Have you ever rented propane tanks in the 30 to 60 lb size range? If
so, what type of business provided this service? I need the propane
for a project, but once the project is finished, I won't need the
tank. That's why I would rather rent than buy.
When I spend my summer weekends in Youngstown, NY, I rented my tank
from the propane dealer in Sanborn and I seem to recall 100 lbs. was
their smallest size. I think you'll have to call around and see if
there is a local dealer who can help you out.
On 31 Jan 2007 14:37:04 -0800, email@example.com wrote:
Check a place that rents forklifts. I can rent a propane tank (full) from
one near me, but I pay for the full tank whether I use it all or not. Also,
Home Depot, Lowes, etc, rent the regular 20lb tanks for gas grills. A
couple of those might suit your needs.
The way that works is, you buy a new tank, then give it to them and they
give you a used tank full of propane for more than what it would cost you
to take it to a propane supplier and have it filled. There's a rumor that
these tanks aren't filled to capacity, either. It's all a convenience
Yes and No,
The "grill" tank was originally spec'd as a 5 gal or 20 lb
tank. (propane 1 gal=4.24 lb) But the new rules reguire an
O(verfill) P(rotection) D(evice) valve, that is basically a
float valve that creates a vapor expansion "cushion" at the
top of the tank. A tank completely filled with liguid has
no place to expand when heated (even sunlight) except by
valve or tank failure. A sudden 20 lb propane release is
not a good thing.
So, it's really a safety issue that tanks aren't completely
"filled" with liquid. A properly filled tank will be about
4.5 gal or 19lb. ("empty" tank is about 18lb or 37lb filled)
Several years ago in Garland, Tx. two filled 100 lb tanks
laying in the bed of a pickup truck in the Texas summer sun
exploded. The tanks not being upright was thought to
contribute to the tank failures.
-larry / dallas
I respectfully disagree.
The way it worked for me, patronizing the Rhino brand of propane exchange
service at Lowes and a nearby farm supply store, went thusly:
Not willing to part with any of my OWN tanks, I purchased an already-filled
tank. Then, when it was empty, I returned it to a Rhino dealer and exchanged
it for a "full" tank. I have since purchased another Rhino exchange tank so
that I'll always have a full one available.
Again, I disagree.
The reasons I first tried the tank exchange were: 1) Convenience; and 2)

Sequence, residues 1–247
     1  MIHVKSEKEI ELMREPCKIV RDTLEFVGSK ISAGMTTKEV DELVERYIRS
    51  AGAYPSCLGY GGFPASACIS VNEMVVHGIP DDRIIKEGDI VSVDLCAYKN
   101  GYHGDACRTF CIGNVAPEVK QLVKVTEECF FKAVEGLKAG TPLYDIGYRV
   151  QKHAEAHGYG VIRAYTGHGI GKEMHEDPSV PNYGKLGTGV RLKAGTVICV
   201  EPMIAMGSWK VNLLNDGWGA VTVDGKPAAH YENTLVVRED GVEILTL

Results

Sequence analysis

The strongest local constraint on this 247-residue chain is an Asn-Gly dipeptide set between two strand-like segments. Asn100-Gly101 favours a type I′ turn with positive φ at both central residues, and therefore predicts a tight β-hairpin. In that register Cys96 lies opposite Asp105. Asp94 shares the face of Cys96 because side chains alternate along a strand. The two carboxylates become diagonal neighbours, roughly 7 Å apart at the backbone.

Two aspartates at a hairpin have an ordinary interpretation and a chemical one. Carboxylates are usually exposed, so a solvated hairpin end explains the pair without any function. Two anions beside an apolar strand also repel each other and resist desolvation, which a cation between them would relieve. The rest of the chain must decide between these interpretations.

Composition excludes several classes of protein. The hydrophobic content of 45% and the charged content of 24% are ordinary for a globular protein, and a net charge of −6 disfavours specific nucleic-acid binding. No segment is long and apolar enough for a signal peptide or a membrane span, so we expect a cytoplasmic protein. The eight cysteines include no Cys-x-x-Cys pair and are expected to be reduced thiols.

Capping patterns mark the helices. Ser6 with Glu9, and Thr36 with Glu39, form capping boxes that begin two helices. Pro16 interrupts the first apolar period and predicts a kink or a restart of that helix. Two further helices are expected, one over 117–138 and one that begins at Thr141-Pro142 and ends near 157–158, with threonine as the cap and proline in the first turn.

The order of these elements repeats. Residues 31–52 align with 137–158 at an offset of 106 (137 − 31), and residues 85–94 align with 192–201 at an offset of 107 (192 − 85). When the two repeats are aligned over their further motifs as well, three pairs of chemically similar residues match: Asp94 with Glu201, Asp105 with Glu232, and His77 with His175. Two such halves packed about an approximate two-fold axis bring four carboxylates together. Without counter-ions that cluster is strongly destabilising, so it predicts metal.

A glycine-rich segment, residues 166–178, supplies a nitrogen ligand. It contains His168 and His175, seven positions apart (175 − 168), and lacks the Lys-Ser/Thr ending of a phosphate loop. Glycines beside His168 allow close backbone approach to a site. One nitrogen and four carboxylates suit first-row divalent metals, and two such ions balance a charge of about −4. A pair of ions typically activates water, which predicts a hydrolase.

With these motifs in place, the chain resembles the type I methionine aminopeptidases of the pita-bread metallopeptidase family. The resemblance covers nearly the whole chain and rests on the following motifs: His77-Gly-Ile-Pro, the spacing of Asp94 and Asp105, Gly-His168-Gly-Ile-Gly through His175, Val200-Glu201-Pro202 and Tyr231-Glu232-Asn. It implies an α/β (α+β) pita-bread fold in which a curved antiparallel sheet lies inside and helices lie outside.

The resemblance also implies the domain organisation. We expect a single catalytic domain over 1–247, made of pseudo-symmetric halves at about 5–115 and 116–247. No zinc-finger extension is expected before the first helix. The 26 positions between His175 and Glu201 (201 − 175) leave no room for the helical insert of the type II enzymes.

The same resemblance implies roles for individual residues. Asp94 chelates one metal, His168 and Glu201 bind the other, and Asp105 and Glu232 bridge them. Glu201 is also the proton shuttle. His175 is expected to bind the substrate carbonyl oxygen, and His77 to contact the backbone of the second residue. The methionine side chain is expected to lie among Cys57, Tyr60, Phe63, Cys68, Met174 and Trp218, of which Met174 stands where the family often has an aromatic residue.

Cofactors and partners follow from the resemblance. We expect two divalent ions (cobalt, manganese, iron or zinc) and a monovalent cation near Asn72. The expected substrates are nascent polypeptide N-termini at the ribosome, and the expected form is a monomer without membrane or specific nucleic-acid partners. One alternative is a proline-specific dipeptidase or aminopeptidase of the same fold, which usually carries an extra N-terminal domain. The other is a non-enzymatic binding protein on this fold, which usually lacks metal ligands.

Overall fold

Economy. The exchange price was 2-3 dollars LESS than what it cost me to
refill my own tank at the local hardware store.
It's just that: A rumor.
The tare (empty) weight is stamped (by law) on all propane cylinders. Placing
a newly-refilled tank on your bathroom scale and doing some simple subtraction
will reveal how much gas you are paying for.
True. Being proud of my two, 20-lb and two, 30-lb (RV) tanks, I resisted
trying the exchange thing for a long time. Now, having done it several times,
I am convinced of its VALUE, not to mention convenience. I am even
considering retiring my pair of 30-lb RV cylinders and using strictly exchange
20-pounders. Doing so would be cheaper and MUCH more convenient than having
my tanks refilled.
Where do you store your propane tanks? I read that in order to store
them safely, they must be kept outdoors. I really don't want to look
at the tank year 'round when I only really need it half of the year.
That's why I am researching tank rental.
I had also read that best pricing came from refills vs the exchange
program. The exchange program does offer convenience, as there are
multiple outlets near me that offer filled propane tanks for exchange.
The few refill places in my area are about 20 to 30 minutes away.
You don't have to store them out in the open. You can store them in a
garden shed with some vent screens installed down at floor level since
LP is heavier than air. In the event of a leak the vents will allow it
to flow out and dissipate instead of filling the shed.
Where the best pricing is depends on a lot of things, particularly your
usage rate. If you use a tank full per year, it's pretty irrelevant if
the exchange gas is $2 more than a fill. If you use a lot (like
construction heaters) then the cost per fill will make a difference.
Another thing to remember is that with exchange you never have to deal
with the cost or replacing the cylinder or having it hydro tested. The
20# LP cylinders are worth so little that they are rarely hydro tested
and are normally just replaced, so figure another $30 cylinder every 10
or 15 years. For larger cylinders this cost is more significant and
hydro testing may be more economical than replacement.
I worked the system:)
Picked up 5 or 6 tanks, of the old variety, without all the safety
gizmos. one a guy gave me at a flea maRKET FREE, HE WAS PACKING UP AND
DIDNT WANT TO TAKE IT HOME
anyhow took them all to a gas station who exchanged the old tanks for
nicely repainted updated ones. I have 6 tanks now and all I paid was
I take those into to refill, 14 dollars compared to 20 exchange
exchanged tanks dont smewll like propane coming home, but its not
worth 6 bucks extra//
I refill tanks usually once a year
store tanks in my shed, have ventilation
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